When I quit my job in November of last year, I told myself that 2013 would be the year of saying "yes". So, when I was asked to be a part of the BlogHer13 Fashion Show, I did just that - I said "yes".
In the days that followed, I had to have measurements taken, had to figure out dress sizes and ring sizes and had a conference call to discuss bra color and foundation garments. There were moments when I felt that I was visiting a foreign country and didn't speak the language.
On Friday, I arrived at the Sheraton in Chicago for my fitting and the style team went to work. I tried on several outfits before they chose one for me - a long white suit jacket, a silver, satin fitted camisole, cropped white pants and black and silver oxford shoes. It's an outfit I never would have chosen for myself but, as I looked at myself in the mirror, I did my best to make peace with it but then they added large black earrings and a long black, beaded necklace and I thought for the first time, "I can't do this."
Pushed over the edge by accessories.
I left on the verge of tears.
Throughout the day, I talked with my friends and told them I didn't like the outfit I would be wearing and didn't want to wear the accessories. The conversations were short - quick words in passing, filled with emotion because I felt raw and vulnerable in a way I hadn't in years. It is one thing to step outside the boundaries you've set for yourself. It is another thing to do it in front of hundreds of people.
But quick conversations do not allow for nuance or depth and, without those things, people make assumptions. In this case, people assumed the source of my discomfort was that I was being asked to be more feminine than I normally am, more feminine that I felt comfortable being.
But it wasn't that at all.
People look at me and think that I don't have a sense of style but I do. I care about the fit of my shirts, about the color and feel of the material. I care about the type of cuff and the look of the buttons. I care about the way my shirt looks tucked into a pair of pants, about the way the belt sits on my hips. I care about the way the pants feel when I run my hands down my thighs, the way they fall on my shoes.
People look at me and see my short hair and notice that I wear no make-up and think that I don't care much about my appearance. But let me tell you, I am as vain as they come.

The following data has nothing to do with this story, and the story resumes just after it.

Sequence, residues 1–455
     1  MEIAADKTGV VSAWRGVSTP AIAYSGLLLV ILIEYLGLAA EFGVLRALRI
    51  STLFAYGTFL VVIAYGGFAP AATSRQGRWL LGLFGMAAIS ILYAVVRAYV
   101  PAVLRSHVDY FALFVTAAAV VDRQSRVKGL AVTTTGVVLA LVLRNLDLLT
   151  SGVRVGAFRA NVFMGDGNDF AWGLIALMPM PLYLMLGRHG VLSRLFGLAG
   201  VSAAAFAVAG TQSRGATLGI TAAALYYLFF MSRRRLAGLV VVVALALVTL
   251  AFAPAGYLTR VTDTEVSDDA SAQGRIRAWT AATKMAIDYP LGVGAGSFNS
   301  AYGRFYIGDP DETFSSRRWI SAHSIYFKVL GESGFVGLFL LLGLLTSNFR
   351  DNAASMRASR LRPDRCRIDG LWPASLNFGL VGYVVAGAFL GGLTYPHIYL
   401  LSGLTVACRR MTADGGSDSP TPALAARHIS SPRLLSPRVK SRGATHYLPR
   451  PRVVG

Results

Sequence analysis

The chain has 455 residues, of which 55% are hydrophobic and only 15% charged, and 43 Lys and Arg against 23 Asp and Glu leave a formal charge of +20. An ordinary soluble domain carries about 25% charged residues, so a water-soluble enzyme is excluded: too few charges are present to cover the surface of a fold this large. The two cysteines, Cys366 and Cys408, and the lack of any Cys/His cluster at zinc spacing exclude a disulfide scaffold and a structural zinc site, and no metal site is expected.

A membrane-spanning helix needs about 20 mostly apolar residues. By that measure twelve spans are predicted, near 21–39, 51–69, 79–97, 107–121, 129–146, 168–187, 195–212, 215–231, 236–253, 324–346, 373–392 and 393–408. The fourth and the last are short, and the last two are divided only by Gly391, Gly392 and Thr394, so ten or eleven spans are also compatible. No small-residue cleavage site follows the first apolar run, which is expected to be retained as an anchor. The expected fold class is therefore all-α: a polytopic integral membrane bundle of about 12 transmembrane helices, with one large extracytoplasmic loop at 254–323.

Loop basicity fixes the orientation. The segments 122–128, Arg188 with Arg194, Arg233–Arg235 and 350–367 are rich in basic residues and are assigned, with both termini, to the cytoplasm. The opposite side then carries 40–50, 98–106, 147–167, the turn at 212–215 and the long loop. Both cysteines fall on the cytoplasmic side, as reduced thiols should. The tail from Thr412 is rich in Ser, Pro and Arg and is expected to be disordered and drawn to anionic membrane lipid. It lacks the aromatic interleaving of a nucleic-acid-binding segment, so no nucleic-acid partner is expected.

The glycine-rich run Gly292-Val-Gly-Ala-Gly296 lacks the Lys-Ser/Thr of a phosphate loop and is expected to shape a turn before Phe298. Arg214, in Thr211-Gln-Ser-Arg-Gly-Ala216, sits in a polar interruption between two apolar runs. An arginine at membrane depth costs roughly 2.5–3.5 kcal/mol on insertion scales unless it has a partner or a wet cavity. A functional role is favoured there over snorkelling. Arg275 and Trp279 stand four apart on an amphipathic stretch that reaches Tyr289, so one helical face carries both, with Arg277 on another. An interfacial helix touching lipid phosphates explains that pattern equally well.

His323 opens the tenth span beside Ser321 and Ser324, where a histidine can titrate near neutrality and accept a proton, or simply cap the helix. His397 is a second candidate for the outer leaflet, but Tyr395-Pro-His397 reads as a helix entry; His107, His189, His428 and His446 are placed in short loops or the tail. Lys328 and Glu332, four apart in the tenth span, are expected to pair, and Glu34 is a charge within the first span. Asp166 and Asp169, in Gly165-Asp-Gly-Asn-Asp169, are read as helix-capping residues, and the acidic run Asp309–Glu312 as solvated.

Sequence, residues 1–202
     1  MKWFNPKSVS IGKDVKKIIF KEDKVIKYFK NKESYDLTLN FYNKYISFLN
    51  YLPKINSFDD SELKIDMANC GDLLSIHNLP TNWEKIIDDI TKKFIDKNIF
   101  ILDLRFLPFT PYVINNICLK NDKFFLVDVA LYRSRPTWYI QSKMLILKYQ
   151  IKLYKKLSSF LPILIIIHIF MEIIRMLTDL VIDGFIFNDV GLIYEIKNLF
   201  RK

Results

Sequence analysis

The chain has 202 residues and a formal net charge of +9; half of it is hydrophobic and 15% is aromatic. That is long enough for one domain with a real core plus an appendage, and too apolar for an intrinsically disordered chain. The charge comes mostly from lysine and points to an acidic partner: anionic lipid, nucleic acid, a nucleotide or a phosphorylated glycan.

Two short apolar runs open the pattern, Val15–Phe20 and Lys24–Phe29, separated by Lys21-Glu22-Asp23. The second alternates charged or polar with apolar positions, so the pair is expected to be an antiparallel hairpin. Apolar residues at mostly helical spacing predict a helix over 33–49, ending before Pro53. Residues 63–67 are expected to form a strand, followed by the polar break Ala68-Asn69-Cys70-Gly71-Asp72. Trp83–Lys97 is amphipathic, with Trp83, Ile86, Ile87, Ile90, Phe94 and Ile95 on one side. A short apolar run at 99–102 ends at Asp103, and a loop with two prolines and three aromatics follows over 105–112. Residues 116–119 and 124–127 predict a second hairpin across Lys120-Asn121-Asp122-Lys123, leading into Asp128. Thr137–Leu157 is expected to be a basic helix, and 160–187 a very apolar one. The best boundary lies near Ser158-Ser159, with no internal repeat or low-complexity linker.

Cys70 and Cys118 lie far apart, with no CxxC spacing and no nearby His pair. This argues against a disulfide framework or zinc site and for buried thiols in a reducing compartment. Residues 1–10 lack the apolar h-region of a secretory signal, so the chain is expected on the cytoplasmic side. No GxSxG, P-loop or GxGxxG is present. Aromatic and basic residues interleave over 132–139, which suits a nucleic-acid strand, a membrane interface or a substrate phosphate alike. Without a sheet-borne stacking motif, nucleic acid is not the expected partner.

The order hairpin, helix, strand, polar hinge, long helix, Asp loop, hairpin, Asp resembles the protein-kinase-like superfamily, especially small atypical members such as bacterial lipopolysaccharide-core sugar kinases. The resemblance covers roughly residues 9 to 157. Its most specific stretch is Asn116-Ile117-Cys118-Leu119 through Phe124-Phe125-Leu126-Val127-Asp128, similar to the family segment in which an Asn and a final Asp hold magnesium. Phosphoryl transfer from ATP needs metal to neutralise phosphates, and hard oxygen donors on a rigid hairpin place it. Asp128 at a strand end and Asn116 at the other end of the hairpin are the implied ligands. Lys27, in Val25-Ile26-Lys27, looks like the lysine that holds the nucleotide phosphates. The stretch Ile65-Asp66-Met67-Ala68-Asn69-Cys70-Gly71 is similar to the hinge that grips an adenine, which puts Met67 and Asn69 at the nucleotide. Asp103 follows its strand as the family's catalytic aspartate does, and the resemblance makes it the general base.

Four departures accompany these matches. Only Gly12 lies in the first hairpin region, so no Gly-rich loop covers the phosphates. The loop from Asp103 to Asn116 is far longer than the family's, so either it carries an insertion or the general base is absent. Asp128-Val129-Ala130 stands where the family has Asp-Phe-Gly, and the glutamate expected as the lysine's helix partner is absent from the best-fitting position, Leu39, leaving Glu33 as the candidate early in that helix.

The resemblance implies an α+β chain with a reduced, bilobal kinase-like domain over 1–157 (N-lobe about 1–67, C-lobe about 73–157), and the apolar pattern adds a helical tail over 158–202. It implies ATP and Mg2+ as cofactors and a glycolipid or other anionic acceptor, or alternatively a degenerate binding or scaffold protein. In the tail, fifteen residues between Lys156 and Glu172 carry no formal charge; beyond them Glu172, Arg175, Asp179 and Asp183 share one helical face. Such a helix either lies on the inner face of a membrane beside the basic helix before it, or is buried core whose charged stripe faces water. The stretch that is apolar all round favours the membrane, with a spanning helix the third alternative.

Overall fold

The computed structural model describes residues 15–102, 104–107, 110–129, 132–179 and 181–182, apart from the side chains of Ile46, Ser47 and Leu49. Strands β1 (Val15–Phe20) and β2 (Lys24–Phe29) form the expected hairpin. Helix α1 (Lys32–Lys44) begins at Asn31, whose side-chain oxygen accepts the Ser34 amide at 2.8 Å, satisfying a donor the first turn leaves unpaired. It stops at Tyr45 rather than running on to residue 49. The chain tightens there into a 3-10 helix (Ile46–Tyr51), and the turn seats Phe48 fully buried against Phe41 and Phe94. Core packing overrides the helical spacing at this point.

And this is what I know - the world is a stage and we wake each day and decide the character we will play.
We reach into our closets and choose our costumes. We dress for effect, to project to the world the person we want to be. We dress to impress, to intimidate, to seduce. We dress for comfort. We dress to conform and we dress to stand out. Some people do it without thinking but I do it with great intention.
My objections to the way I was being dressed for the fashion show came down to style. I felt the color was wrong for my skin tone. I was concerned the satin top was not good for my body type. I didn't think the cropped pants were flattering. As for the accessories, they just weren't hip enough for me.
None of those things have anything to do with femininity.
So, there are some things I need you to know...
I told the woman who was doing the base that I hadn't worn make-up in 30 years and her eyes went wide and she said, "I won't do too much." I told her, "Do what you do. Don't worry."
I told the woman who did my eyes that I would be walking without my glasses and wanted my eyes to stand out. She smirked, "You have beautiful eyes. Let's really make them pop." I said, "Do it all." Her smile got bigger, "Even false eyelashes?" "Yes, even those."
I told the woman who did my lips that I had never worn lipstick in my life and she said, "Well, um, let's go neutral then." I held up my hand and said, "What color do you think you should use? You're the expert." She smiled and said, "Mulberry?" I said, "Do it."
When it came to my hair, I simply said, "If we're going to do something, be bold."
By the time I was done, I was ready - hair, make-up, suit and none of the accessories that had bothered me so much.
I spend too much time worrying about what other people think of me but, by the time I took my place in line and waited for my turn on the catwalk, I was over it.
I'd said "yes" and when I stepped on that stage, it felt pretty damn good. Of course, who wouldn't enjoy hundreds of women screaming for you?
Since then, I've seen comments about me being in drag. If you think I was in drag on that stage, then you don't understand what drag means or don't understand much about me. I am very feminine though the way I present in the world may not fit that image for some. I did not feel that I was performing as someone I'm not. I felt like I was playing with my own ideas about femininity.
Because sometimes, femininity looks like this:
And sometimes, femininity looks like this:
At least it does to me.
Later that night, when the party was over and we had returned home, Deborah stood with me in the bathroom and we leaned into each other and stared into the mirror at my face that was familiar and unfamiliar at the same time. I will always be grateful that she was there with me in that moment because she knows me and I didn't have to explain why the moment felt both celebratory and sombre, like saying hello and goodbye. I peeled off the lashes and Deborah helped me scrub my face and we took our time and laughed and talked about my hair and what it might be like for me to wear eyeliner from time to time. And when we had done all we could do, there were still faint traces of eyeliner and, somehow, that felt right.